- Montparnasse - Richter's paintings of palettes of colours
- Rhien II - Rothko and his broad stripes of colour (although very toned down)
- The stock exchane images - The ordered disorder of Pollock
- Race Track composites - reminiscent of cubism and Picasso
- Untitled series - minimalism
Not something I necessarily plan, but worth keeping in mind. Heading out to the Pinakothel der Moderne today to actually look at some modern art and see how it grabs me.
In the mean time I have completed my first exploratory shoot for the assignment, more a technical test of techniques that I might adopt for some of the images. Thematically I am currently planning a series of photographs that speak to the pressures of modern urban life, the crowds, the dirt, the colour, in essence the visual cacophony of a city. So far my assignments have skirted around the city, looking at the special spaces, parks, places of worship, and sports arenas, now it is time to engage with the reality of city life. I suspect these will be images that most stretch the definition of what is a landscape photograph.
On Friday I spent the morning at the cities' main railway station, both inside and out, as well as on one of the bridges overlooking the lines running into and out of the city. In each case I placed my camera on a tripod and mounted a wide angle tilt-shift lens, either 17 or 24mm depending on the location. I then exposed around 20 frames over a period of time waiting for something to happen. Back in my office I spent several hours yesterday building composite image from the photographs that I had taken. I was trying to enhance the sense of "business" of the photographs, very much in parallel to the techniques that Gursky's assistants use.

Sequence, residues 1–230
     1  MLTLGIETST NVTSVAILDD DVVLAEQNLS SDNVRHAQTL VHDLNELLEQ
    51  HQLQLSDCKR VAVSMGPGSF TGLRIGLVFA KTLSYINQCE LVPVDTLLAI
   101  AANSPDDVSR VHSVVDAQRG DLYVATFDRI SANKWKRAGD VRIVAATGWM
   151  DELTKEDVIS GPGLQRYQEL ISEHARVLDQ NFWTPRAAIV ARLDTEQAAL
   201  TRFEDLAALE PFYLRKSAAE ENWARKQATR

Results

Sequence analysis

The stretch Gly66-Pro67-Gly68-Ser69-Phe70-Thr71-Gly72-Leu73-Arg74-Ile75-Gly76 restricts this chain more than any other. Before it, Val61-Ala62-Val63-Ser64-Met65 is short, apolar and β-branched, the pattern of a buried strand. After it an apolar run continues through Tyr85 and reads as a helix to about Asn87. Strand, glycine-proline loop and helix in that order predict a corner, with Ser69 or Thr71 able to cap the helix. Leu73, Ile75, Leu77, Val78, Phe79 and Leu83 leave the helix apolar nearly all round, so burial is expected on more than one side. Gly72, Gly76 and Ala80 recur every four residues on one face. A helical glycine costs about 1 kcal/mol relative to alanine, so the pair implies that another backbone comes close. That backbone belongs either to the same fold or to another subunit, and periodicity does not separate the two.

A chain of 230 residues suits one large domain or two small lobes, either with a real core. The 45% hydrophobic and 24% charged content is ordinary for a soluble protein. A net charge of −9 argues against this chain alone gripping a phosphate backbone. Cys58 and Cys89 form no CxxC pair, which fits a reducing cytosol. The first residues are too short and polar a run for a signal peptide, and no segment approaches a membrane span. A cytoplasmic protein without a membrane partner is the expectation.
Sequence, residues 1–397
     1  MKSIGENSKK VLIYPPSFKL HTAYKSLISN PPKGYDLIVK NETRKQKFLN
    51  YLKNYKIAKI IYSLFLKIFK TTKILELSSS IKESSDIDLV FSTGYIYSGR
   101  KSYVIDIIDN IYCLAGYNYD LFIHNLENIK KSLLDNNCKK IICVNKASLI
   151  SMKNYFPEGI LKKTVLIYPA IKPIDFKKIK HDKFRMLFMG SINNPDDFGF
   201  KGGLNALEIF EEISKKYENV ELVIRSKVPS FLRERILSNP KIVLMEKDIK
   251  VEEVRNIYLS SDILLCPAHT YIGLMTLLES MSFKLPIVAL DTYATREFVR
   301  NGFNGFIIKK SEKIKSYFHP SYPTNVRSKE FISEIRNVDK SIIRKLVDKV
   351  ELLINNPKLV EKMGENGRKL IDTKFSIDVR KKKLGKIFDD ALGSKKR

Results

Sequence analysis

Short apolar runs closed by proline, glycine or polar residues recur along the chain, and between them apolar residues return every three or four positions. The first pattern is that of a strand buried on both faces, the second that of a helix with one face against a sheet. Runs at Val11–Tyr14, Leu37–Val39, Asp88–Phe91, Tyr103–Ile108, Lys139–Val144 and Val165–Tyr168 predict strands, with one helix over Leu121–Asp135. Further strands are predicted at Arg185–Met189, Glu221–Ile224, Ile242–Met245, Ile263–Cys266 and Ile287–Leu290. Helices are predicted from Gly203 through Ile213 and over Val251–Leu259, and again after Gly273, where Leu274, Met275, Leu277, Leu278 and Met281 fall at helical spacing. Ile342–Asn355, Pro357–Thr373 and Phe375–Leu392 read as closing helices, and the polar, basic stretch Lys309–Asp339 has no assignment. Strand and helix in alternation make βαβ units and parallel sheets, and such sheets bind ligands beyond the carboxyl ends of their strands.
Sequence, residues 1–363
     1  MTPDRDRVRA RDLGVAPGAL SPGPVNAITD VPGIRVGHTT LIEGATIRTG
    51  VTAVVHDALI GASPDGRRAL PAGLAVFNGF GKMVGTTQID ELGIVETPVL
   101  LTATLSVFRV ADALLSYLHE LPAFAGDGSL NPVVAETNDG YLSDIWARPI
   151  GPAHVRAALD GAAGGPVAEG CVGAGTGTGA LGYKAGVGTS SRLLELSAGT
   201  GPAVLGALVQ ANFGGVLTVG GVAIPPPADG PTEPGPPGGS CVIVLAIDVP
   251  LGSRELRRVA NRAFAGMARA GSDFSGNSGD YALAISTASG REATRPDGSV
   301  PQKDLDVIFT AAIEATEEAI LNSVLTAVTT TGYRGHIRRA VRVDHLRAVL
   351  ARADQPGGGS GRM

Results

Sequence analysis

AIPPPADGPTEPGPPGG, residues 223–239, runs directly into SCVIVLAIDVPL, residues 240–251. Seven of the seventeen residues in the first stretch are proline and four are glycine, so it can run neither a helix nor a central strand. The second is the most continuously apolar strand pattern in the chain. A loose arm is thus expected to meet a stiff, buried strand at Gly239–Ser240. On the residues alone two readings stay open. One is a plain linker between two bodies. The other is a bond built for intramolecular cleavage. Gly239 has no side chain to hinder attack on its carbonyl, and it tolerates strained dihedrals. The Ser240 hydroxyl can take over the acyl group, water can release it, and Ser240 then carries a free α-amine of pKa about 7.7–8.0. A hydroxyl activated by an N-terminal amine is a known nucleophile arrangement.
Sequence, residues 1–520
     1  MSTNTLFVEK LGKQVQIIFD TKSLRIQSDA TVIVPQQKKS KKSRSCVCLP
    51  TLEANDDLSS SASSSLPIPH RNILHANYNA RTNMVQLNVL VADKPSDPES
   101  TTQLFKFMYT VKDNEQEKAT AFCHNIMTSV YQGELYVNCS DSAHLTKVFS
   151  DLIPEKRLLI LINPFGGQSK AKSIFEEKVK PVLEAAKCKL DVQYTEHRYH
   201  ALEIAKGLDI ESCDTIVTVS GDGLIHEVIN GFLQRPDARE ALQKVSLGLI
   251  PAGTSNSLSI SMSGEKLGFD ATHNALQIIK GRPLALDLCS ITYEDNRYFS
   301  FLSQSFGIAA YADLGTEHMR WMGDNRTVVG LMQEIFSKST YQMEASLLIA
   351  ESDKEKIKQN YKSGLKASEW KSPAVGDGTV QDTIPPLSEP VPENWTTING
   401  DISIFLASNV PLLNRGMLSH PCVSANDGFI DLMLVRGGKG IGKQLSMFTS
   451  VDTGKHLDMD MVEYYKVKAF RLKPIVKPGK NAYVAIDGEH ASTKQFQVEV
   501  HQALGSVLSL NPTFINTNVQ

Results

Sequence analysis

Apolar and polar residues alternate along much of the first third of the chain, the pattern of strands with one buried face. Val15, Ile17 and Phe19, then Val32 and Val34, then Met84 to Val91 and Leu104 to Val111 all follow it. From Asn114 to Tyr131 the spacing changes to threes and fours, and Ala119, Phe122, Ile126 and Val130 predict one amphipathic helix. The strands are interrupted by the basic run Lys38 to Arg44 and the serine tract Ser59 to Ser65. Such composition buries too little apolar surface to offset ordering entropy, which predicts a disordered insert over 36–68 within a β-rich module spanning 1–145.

The first composite is of the railway lines leading into the city. In each case I will show a first and final image in the composite. I started with a nearly empty scene with a single train heading towards me:
Here I was trying to capture the sense of the energy of a modern railway station, the continual rush of trains in and out of the station. What I have ended up with is what looks like a parking space for trains. Technically this has demonstrated that I can fabricate such an image but aesthetically it does not work. A possible thought here will be to use very much slower shutter speeds which will blur the trains, I can then merge multiple trains into composite lines of flow. Another improvement would be to be about 10m higher up, but that is not going to work for me. Gursky could hire a crane for the day, too expensive and I would get arrested.
Inside the station I had more success, the second image is composed of around 10 additional photos. I did have a problem as I was nervous about my location and the use of a tripod on a station. I did not use a remote release and so the camera shifted position, not by much, but enough to lose registry between shots, making the overlay much much harder. In this image I have deliberately included the same person several times, in a sense a symbol of movement through the frame. This has good potential and I may return to try again. An overcast day might also be better as I would have less contrast to deal with, although to a degree I like the areas of light and shade.
My final composite is a little less ambitious, but similar to the inside station shot. Again I have included the same person twice, here looking at herself in the middle ground. This image also added a further twist, the shadows and the stationary objects moved during the shoot, easily fixed, but an issue that must be considered. This scene also contains a taxi rank, movements within which would also create both challenge and opportunity.
In all of the images I am experimenting with the multiple frame technique of Gursky with the goal of creating metaphors for modern life. I learned a lot about the clone tool. It was key to ensure that I had identically framed images that I then cloned between using the same reference point in each image. I cloned fairly roughly using my tablet and pen, then in finer detail used the erasing tool to refine the edges. None of these images are perfect, all have some issues, but as a proof of concept I am quite happy.
Next step will be to start building a list of location for similar shoots and also to consider other elements of Gursky's visual style that I can build into my shooting.